Mr. Gridley’s lamentable tale of judicial woe conjured in my mind stories I have heard about the abysmal state of government-sponsored healthcare in the United States. The entrapment forced on Gridley, whose name even recalls the invisible bars that imprisons him, is comparable on several levels to the institutional loopholes that many unfortunate citizens must jump through on a daily basis.
One healthcare program, Medicaid, is meant to provide medical attention to US citizens who fall below a certain income level. Medicaid recipients are often warned not to enter the program because of the difficulty it makes in receiving adequate healthcare, but more often than not, they have no choice but to enter. Mr. Gridley echoed their hesitations, when he said, “I was forced there, because the law forced me, and would let me go nowhere else,” (204).
Poverty alone is not enough to qualify someone for Medicaid. Over time, more and more legal framework was instituted to make it extremely difficult to qualify. The Deficit Reduction Act called for all people applying for Medicaid to provide legal documents that proved they were US citizens. This specific requirement is highly reminiscent of Mr. Gridley’s lamentation about his case being stopped “for another two years, while the Master inquired whether I was my father’s son - about which there was no dispute at all with any mortal creature.”
Mr Gridley goes on to rail against the system which so oppresses him. One of his complaints is particularly relevant to modern struggles with healthcare. “I mustn’t look to individuals. It’s the system...My Lord knows nothing of it. He sits there to administer the system.” This lack of responsibility from those who supposedly govern the system is as applicable today as it was in Dickens’ time and it speaks volumes to the lack of humanity towards the downtrodden that Dickens’ portrays in Bleak House, and sadly, still applies today.
Taking a cue from Maria, who last week did a close reading of Esther's reaction to Guppy, I thought this week I would attempt a close reading of my own. One paragraph, in particular, jumped out at me as I read this week's serial portion. In my edition of Bleak House, which is a rather old "Everyman's" copy, the passage can be found on page 137, but the paragraph in question is about halfway through Chapter 11, and it concerns a certain inept "Beadle." What stood out to me was the syntax, with its alternating lyrical and broken quality, the selected imagery and detail and above all, the humor the passage inspires. I was so enchanted and amused by what I read that I went back and re-read it two or three more times, and each time a latched on to something new. As opposed to going on about how wonderful the passage was, I will select a few details since my space here is limited.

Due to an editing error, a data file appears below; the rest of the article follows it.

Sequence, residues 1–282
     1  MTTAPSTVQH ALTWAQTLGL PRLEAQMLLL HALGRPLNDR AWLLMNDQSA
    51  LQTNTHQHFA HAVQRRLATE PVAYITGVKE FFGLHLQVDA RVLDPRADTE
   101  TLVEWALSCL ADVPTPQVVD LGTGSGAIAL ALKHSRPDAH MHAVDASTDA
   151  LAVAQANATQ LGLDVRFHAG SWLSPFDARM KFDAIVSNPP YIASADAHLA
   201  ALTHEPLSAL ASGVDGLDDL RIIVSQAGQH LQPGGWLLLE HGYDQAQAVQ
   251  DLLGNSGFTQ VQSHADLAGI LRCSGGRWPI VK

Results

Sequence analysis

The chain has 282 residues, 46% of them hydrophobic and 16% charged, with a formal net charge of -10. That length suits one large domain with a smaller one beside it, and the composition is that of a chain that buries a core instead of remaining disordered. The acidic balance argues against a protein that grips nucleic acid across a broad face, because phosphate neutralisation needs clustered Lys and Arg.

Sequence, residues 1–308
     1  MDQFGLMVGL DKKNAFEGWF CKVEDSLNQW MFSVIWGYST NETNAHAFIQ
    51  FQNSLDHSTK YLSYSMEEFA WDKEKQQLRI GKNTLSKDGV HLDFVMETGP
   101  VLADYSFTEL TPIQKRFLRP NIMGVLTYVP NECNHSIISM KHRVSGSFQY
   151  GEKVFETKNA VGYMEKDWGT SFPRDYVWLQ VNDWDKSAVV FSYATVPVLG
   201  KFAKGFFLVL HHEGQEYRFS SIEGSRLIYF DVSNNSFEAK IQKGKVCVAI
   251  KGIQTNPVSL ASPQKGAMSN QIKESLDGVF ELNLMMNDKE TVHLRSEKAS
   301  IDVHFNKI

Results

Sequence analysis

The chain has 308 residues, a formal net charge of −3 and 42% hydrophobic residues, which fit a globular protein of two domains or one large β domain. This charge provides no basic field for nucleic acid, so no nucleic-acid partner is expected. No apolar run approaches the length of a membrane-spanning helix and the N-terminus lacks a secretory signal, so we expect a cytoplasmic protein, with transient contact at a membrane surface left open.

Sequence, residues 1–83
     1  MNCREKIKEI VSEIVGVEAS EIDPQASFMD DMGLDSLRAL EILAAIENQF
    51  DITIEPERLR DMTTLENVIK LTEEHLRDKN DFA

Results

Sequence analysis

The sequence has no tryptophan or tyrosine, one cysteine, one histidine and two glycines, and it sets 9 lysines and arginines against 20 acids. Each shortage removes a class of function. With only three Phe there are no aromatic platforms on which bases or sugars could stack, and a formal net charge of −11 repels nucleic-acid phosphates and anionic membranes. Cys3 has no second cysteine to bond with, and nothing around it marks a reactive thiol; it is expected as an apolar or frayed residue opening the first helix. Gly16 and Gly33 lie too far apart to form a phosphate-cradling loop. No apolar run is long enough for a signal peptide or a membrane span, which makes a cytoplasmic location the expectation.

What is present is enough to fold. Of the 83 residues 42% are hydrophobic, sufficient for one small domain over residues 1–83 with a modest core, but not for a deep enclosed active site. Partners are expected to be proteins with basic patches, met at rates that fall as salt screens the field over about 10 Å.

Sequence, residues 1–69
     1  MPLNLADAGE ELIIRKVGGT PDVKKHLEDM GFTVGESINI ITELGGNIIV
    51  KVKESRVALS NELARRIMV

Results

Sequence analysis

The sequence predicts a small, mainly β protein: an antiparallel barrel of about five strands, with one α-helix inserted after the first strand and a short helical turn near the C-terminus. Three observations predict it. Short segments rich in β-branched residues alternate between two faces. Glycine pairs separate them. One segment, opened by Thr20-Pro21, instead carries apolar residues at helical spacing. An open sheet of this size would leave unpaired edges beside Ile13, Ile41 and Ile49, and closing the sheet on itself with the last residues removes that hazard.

The very first line -"By-and bye the beadle comes out, once more intensifying the sensation, which has rather languished in the interval." - is a sentence that can be appreciated for its lyrical construction alone. The alliteration of the three "b's," the carefully orchestrated caesurae and the use of the words "intensifying" and "sensation" and then "languished" and "interval"creating a kind of forward thrusting meter make this a sentence of epic proportions. Then a few lines later Dickens shifts his sentence structure so each sentence seems more like a telegram or a hastily scribbled note. "Is immediately referred to.." and "Is made more imbecile.." are notable for their omission of the subject, the Beadle. The juxtaposition of these two disparate styles is jarring, but I believe Dickens intends this affect. The subject of this paragraph, the beadle's exploits "interrogating" the public regarding the deceased Nemo charts the public's fascination, annoyance and derision of the beadle in that order. Dickens is preternaturally aware of the cycle of public interest in the comic and the grotesque. He captures with his words, the waxing and waning of their attention span and all of the humorous side-affects that accompany the full rotation of the "interval."